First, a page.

Users would be held accountable for everything on their websites.
Reports from Malaysia indicate that the government is about to make its website-owning citizens legally responsible for everything found on their sites.
In a new bill called the Evidence (Amendment) (No.2) Act 2012, a person is liable for everything his or her name is attached to unless able to definitively prove otherwise. The section “Presumption of fact in publication” reads:
“A person whose name, photograph or pseudonym appears on any publication […] is presumed to have published or re-published the contents of the publication unless the contrary is proved.”
The bill’s definition of “publication” seems to give the government an even broader power over Internet users: “‘[P]ublication’ means a statement or a representation, [including any] form displayed on the screen of a computer,” it reads.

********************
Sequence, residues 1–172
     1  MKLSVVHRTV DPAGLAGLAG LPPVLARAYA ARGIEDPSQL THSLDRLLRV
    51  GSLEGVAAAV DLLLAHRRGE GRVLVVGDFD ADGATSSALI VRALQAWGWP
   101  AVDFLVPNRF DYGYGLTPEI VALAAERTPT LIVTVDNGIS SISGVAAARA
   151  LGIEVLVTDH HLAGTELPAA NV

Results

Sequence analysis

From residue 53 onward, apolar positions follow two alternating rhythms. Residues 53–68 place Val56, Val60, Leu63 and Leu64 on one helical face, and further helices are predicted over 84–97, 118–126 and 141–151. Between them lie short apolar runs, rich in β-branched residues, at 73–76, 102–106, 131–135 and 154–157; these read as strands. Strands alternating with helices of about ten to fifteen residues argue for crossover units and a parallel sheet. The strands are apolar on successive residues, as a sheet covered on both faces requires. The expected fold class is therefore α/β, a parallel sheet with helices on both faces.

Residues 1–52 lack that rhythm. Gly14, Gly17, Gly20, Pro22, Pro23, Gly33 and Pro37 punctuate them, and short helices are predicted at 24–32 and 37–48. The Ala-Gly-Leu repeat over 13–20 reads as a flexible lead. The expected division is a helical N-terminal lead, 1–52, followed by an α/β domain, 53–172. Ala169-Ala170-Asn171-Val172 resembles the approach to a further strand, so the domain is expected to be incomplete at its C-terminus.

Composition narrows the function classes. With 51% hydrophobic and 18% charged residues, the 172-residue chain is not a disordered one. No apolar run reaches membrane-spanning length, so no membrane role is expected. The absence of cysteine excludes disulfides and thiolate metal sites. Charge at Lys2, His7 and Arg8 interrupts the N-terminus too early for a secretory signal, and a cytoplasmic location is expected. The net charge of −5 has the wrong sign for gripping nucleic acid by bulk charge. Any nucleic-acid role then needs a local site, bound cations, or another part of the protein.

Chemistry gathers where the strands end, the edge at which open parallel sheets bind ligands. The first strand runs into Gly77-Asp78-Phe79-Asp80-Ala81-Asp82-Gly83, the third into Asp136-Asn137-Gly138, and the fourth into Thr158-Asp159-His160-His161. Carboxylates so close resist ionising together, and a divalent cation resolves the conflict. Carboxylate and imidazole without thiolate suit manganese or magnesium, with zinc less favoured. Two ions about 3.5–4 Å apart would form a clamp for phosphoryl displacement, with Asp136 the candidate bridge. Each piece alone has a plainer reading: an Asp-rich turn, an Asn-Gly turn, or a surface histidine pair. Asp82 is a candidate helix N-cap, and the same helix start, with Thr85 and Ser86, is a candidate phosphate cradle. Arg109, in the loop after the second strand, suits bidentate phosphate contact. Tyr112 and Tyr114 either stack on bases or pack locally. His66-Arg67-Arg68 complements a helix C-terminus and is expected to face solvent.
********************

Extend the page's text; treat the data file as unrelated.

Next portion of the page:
This is particularly disturbing in light of Malaysia’s horrific track record when it comes to protecting online free speech. In January, for instance, the government fined a blogger for 300,000 ringgit (approximately $100,000) for a blog post criticizing Minister of Information, Communication, and Culture Rais Yatim.
According to the watchdog group Reporters Without Borders, Malaysia has seen a marked rise in online political exchanges in the past few years. Of note is the fact that during the same period, the government has forbidden discordant newspapers from printing physical copies.
The Internet is rapidly becoming a dangerous place for dissidents in Southeast Asia. Vietnam decided to ban online pseudonyms in April. Only a few weeks later, Cambodia announced plans to criminalize online dissent.
Of course, creative netizens might still find ways to rebel.
A commenter on one Malaysian politics blog suggested, “We should just start using names and pictures of the dead (to publish) to minimize problems.”
Another commenter called himself Najib Razzak, a misspelling of the Malaysian Prime Minister’s name, to highlight how maddeningly simple it would be to assume someone else’s name online.
“I am a corrupt douche,” he wrote.
Photo by .ET.
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